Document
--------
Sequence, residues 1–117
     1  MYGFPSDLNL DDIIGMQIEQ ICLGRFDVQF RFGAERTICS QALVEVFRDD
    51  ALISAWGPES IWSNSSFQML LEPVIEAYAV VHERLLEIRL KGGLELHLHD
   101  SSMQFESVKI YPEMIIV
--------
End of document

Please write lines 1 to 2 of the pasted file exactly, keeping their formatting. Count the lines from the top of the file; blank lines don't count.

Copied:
Sequence, residues 1–117
     1  MYGFPSDLNL DDIIGMQIEQ ICLGRFDVQF RFGAERTICS QALVEVFRDD